by Marion Nestle

Currently browsing posts about: Sugars

Dec 3 2008

Deli chain bans HFCS

Food Chemical News (December 1) reports that Jason’s Deli, which has more than 200 outlets throughout the U.S., is banning high fructose corn syrup from all its products as well as trying to figure out how to get it out of soft drinks.  Apparently, the chain polled customers and 65% (of nearly 3,000) said they wanted it gone.  A spokesman for the chain said they consider pure cane syrup and sugar to be “more real and…not as processed or fooled with as high-fructose corn syrup.”  Maybe, but they have the same number of calories and the same effects in the body!

Oct 5 2008

Sugars in kids’ cereals

Consumer Reports International counted the sugars and salt in kids’ products in 32 countries.  The sugars don’t look good, but they look worse in the U.S.  Kids’ cereals have lots of sugars–40% of the calories internationally but 55% in the U.S. Consumer Reports will describe the U.S. part of the survey in its November issue.  In the meantime, it says kids’ cereals changed their names from “Sugar” to “Honey” in the 1980s, but the sugars and calories are much the same.  Also in the meantime, Consumer Reports rates the cereals.  Most are the equivalent of fat-free cookies.  I wish it were easier to find a cereal that had a reasonable amount of fiber (the point of cereals, after all) and didn’t add sugars.  I’d much rather add my own, especially in the form of those crunchy brown crystals.

May 19 2008

Organic infant formula with sucrose: an oxymoron?

The New York Times reports that the organic version of Similac infant formula is made with organic cane juice – sucrose – not lactose (milk sugar). Sucrose is sweeter than lactose; infants love it. Sucrose encourages infants to drink more formula and could promote weight gain.

But the goal of formula companies is to sell as much formula as possible. Because the number of formula-drinking babies is small and fixed, they either have to expand the number of mothers who use formula (rather than breast feed), or encourage infants to drink more. Either approach raises ethical issues. But why else would Abbott Labs, the maker of Similac, put sucrose in formula and organic formula at that? Can’t the company find a source for organic lactose? Is organic cane juice cheaper? And try this for a price comparison: at my local Duane Reade, organic Similac is nearly $31 per can, whereas Earth’s Best is just $26. This makes Earth’s Best a much better buy, especially because it uses organic lactose. Sucrose in infant formula? That’s one more good reason to breast feed.

Dec 31 2007

Question of the year: high fructose corn syrup

I will end the year with the big issue of 2007: high fructose corn syrup. It is basically the same as sugar (sucrose). The “high fructose” is misleading. Sucrose is glucose and fructose (50/50). High fructose corn syrup is glucose and fructose (45/55 or 55/42). So whether you eat cane sugar, organic cane sugar, table sugar, or high fructose corn syrup, you are eating the same thing–glucose and fructose. Yes, fructose is metabolized differently, but most foods do not contain just fructose. The big issues are quantity and calories. Eating too much sugar (or starch, for that matter) is much more of a problem when there is lots of it and lots of calories from sugars or anything else. So we are back to moderation, alas. Enjoy your dessert and happy new year!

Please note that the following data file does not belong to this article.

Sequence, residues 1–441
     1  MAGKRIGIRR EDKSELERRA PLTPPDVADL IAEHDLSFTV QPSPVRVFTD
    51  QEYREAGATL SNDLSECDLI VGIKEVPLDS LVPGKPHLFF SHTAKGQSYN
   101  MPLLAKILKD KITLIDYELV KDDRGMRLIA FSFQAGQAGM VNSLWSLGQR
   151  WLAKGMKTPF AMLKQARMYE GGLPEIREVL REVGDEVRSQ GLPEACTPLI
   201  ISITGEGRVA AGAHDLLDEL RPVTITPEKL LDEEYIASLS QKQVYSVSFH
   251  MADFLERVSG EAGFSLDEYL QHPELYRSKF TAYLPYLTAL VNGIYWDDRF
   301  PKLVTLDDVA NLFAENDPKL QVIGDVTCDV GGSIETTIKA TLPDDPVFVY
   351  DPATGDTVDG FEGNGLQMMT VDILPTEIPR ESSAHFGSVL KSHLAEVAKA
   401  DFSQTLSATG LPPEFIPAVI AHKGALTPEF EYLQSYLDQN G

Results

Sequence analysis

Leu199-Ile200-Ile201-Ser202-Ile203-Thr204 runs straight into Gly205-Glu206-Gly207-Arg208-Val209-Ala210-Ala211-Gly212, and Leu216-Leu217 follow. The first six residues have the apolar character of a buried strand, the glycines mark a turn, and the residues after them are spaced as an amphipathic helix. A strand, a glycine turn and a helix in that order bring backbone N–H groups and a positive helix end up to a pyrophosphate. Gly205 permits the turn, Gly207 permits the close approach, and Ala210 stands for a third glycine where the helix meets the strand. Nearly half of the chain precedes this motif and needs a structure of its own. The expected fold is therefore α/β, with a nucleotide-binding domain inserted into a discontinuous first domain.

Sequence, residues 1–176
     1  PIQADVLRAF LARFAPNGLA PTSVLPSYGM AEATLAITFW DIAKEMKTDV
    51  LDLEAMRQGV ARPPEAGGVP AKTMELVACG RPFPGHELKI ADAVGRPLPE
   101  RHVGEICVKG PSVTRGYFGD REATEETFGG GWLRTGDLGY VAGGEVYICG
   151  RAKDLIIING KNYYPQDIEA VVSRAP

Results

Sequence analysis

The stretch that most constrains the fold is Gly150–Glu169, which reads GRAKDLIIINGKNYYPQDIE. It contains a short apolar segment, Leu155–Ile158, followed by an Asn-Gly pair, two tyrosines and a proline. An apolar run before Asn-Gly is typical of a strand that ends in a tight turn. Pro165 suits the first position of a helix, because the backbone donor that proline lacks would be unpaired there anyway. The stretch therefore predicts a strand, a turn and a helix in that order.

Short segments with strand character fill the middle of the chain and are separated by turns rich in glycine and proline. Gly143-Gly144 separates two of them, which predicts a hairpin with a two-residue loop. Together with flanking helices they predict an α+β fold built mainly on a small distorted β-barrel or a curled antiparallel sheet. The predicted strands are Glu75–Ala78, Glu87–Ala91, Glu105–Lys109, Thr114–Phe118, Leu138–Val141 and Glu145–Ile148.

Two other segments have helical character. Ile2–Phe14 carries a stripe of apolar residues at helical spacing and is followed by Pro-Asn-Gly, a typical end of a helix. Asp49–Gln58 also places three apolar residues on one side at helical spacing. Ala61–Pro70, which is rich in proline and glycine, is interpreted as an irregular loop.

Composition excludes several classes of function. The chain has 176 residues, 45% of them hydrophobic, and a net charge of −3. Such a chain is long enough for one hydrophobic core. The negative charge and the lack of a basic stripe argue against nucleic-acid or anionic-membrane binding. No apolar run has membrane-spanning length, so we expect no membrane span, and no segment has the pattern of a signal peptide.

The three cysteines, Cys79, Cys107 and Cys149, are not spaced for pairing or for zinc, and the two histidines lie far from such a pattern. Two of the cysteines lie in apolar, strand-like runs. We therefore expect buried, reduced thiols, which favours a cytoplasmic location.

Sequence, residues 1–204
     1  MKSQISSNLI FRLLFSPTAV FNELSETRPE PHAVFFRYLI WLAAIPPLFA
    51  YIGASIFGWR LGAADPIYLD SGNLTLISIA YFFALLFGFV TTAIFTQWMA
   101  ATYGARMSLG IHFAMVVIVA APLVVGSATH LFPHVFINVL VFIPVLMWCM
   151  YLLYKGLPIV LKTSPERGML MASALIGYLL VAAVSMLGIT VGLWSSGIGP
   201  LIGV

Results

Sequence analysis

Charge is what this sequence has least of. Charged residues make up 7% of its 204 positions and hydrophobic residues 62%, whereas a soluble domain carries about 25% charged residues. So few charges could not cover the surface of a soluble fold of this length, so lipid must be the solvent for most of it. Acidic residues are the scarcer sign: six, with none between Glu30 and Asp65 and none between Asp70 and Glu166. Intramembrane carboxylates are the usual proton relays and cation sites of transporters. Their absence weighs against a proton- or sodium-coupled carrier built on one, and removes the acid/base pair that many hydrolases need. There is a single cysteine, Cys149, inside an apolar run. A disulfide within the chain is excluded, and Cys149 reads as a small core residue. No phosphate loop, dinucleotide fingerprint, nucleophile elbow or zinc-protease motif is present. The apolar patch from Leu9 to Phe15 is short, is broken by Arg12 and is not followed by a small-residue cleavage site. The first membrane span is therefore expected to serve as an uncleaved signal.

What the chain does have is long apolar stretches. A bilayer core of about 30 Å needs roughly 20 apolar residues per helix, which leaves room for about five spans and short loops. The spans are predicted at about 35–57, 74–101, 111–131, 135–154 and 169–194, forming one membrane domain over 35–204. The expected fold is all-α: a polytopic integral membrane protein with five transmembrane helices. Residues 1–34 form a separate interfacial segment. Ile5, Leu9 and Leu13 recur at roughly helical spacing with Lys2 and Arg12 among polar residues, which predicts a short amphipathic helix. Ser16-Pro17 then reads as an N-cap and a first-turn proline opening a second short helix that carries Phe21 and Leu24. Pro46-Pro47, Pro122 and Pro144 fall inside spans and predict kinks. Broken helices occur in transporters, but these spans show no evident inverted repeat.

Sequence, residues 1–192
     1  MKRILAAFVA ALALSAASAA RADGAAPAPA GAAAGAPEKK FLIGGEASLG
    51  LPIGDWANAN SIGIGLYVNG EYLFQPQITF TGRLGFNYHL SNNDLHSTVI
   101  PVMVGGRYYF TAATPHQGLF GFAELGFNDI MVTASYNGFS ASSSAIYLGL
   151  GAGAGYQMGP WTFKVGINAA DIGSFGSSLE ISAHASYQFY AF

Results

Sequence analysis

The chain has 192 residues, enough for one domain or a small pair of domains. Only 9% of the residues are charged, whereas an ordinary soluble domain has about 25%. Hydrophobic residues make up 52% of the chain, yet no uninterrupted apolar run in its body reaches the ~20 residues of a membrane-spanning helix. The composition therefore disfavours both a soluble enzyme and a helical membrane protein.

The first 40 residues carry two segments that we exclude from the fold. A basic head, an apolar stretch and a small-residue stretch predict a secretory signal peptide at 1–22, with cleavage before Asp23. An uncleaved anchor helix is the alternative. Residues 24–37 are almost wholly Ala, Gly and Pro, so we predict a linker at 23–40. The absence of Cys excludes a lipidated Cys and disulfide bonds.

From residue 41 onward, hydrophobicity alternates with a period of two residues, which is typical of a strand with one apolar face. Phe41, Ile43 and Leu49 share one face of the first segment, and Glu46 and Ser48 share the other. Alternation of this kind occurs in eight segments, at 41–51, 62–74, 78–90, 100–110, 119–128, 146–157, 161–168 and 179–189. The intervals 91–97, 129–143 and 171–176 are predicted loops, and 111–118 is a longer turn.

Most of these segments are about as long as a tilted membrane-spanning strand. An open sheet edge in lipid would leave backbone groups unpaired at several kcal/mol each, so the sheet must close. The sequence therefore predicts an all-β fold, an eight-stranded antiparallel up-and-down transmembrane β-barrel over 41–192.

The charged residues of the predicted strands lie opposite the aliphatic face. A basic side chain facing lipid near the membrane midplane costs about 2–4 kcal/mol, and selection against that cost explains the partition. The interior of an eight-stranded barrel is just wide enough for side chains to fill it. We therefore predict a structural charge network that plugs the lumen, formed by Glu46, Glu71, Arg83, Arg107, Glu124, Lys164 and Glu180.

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Nov 19 2007

UK alters traffic light labeling system to account for added sugars

According to FoodProductionDaily, my newsletter source for information about food and nutrition in Europe, the U.K. Food Standards agency is changing its red-yellow-green labeling system to distinguish added sugars from those naturally present in foods. This is a good idea and I wish the FDA would do the same thing, but one of the reasons given doesn’t make a whole lot of sense. According to this report, the Food Standards Agency agreed to do this because “sugars derived from fruit, such as fructose, are generally lower in calories, while added sugars are perceived as unhealthier.” Added sugars may be perceived as unhealthier, but sugars are sugars and they all–sucrose, fructose, glucose, maltose, lactose, and all the rest–have the same number of calories, roughly 4 per gram. I think there is a better reason: naturally occurring sugars come with everything else that’s in fruits and vegetables, and added sugars don’t.

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Sep 6 2007

Sugar Free?

The FDA is fed up with products claiming to be sugar free but not mentioning that they still have lots of calories. So the agency has decided not to let food companies get away with this anymore. Its latest “guidance” warns companies that if they say a product is “sugar-free,” it better be low in calories too. It’s great to see the FDA trying to do something about misleading health claims. Doesn’t this poor, beleaguered agency deserve a cheer for this one!

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